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Office of Labor-Management Standards
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Office of Labor-Management Standards (OLMS)


U.S. Department of Labor

Office of Labor-Management Standards
Pittsburgh District Office
Federal Office Building
1000 Liberty Avenue, Suite 1411
Pittsburgh, PA 15222
(412) 395-6925 Fax: (412) 395-5409






April 29, 2011



Mr. Richard Sheldon, Business Manager
Laborers, Local Union 419
453 West Patriot Street
Somerset, PA 15502
Case Number: | | | | | | | | | | | | | |
LM Number: 005725


Dear Mr. Sheldon:

This office has recently completed an audit of Laborers, Local Union 419 under the Compliance Audit Program (CAP) to determine your organization’s compliance with the provisions of the Labor-Management Reporting and Disclosure Act of 1959 (LMRDA). As discussed during the exit interview with you and Secretary Jane Campbell on August 25, 2011, the following problems were disclosed during the CAP. The matters listed below are not an exhaustive list of all possible problem areas since the audit conducted was limited in scope.

Recordkeeping Violations

Title II of the LMRDA establishes certain reporting and recordkeeping requirements. Section 206 requires, among other things, that labor organizations maintain adequate records for at least five years by which each receipt and disbursement of funds, as well as all account balances, can be verified, explained, and clarified. As a general rule, labor organizations must maintain all records used or received in the course of union business.

For disbursements, this includes not only original bills, invoices, receipts, vouchers, and applicable resolutions, but also documentation showing the nature of the union business requiring the disbursement, the goods or services received, and the identity of the recipient(s) of the goods or services. In most instances, this documentation requirement can be satisfied with a sufficiently descriptive expense receipt or invoice. If an expense receipt is not sufficiently descriptive, a union officer or employee should write a note on it providing the additional information. For money it receives, the labor organization must keep at least one record showing the date, amount, purpose, and source of that money. The labor organization must also retain bank records for all accounts.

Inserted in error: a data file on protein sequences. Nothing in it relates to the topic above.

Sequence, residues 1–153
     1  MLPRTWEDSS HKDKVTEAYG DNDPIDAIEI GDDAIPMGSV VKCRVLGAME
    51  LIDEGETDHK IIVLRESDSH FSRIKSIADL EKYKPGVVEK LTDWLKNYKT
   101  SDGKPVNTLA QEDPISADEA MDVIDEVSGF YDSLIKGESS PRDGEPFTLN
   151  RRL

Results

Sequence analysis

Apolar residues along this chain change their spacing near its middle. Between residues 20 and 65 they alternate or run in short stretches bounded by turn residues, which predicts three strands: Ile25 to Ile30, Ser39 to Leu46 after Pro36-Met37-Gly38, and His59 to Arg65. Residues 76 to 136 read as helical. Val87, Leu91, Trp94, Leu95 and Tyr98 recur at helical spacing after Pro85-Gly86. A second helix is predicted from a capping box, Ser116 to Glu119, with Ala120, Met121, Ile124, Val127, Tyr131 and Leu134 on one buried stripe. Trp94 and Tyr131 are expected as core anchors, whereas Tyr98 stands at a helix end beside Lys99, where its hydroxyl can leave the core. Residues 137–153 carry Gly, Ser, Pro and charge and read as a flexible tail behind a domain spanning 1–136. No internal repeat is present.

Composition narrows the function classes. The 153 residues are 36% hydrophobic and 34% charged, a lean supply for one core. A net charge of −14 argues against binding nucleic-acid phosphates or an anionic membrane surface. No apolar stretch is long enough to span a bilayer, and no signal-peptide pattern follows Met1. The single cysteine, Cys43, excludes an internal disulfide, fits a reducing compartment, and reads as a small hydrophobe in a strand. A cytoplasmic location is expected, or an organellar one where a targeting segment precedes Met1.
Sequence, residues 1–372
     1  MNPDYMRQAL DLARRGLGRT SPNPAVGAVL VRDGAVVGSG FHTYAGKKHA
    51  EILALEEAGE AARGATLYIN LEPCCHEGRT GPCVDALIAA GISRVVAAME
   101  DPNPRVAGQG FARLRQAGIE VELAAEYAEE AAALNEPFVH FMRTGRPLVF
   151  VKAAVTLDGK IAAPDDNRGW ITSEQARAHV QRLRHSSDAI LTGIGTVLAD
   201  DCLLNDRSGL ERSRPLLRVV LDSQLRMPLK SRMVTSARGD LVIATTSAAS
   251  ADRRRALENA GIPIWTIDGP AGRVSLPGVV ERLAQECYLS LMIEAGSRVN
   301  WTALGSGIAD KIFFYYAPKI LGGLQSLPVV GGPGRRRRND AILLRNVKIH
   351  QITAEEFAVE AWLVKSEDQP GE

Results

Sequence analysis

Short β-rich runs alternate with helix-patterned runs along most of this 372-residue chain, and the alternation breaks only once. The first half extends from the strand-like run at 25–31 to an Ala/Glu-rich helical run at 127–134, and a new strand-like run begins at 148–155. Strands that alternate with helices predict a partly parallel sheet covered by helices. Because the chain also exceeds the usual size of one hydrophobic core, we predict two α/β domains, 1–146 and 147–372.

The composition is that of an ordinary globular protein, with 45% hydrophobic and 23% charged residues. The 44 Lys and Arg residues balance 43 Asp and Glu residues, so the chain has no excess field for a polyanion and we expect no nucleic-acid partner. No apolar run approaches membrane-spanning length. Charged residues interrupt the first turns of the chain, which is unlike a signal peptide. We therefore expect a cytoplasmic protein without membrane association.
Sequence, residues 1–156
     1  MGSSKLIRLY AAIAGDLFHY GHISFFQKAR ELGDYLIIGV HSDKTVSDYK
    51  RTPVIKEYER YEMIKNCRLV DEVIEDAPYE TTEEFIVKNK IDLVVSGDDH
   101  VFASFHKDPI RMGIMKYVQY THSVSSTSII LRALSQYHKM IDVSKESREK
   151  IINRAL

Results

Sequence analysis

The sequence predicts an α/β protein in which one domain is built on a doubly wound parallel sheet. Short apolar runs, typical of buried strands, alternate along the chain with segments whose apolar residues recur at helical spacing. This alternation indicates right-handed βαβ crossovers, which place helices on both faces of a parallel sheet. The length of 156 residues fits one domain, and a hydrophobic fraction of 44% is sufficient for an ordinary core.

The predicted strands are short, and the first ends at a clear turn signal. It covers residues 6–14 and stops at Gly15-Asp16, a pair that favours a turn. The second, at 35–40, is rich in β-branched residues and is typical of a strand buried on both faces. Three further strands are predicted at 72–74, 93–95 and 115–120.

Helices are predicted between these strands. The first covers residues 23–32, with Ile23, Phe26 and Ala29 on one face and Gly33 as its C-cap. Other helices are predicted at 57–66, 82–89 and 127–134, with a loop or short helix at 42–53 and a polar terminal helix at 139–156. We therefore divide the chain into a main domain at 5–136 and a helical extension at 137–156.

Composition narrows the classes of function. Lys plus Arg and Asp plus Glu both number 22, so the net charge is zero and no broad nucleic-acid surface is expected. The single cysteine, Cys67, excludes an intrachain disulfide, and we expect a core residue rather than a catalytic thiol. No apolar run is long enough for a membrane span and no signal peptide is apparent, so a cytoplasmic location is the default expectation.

The audit of Local Union 419’s 2010 records revealed the following recordkeeping violation:

Vacation Time

As noted during the CAP organizational interview, the local’s business manager receives four weeks paid vacation annually; however, the local failed to maintain records accounting for vacation time earned and used. A record of vacation time earned and used by each employee is necessary to ensure the use of vacation is not abused. You agreed to begin keeping a record of vacation hours accumulated and used.

Based on your assurance that Local Union 491 will retain adequate documentation in the future, OLMS will take no further enforcement action at this time regarding the above violation.

I want to extend my personal appreciation to Laborers, Local Union 419 for the cooperation and courtesy extended during this compliance audit. I strongly recommend that you make sure this letter and the compliance assistance materials provided to you are passed on to future officers. If we can provide any additional assistance, please do not hesitate to call.

Sincerely,



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Investigator


cc: Mr. Timothy Uphold, President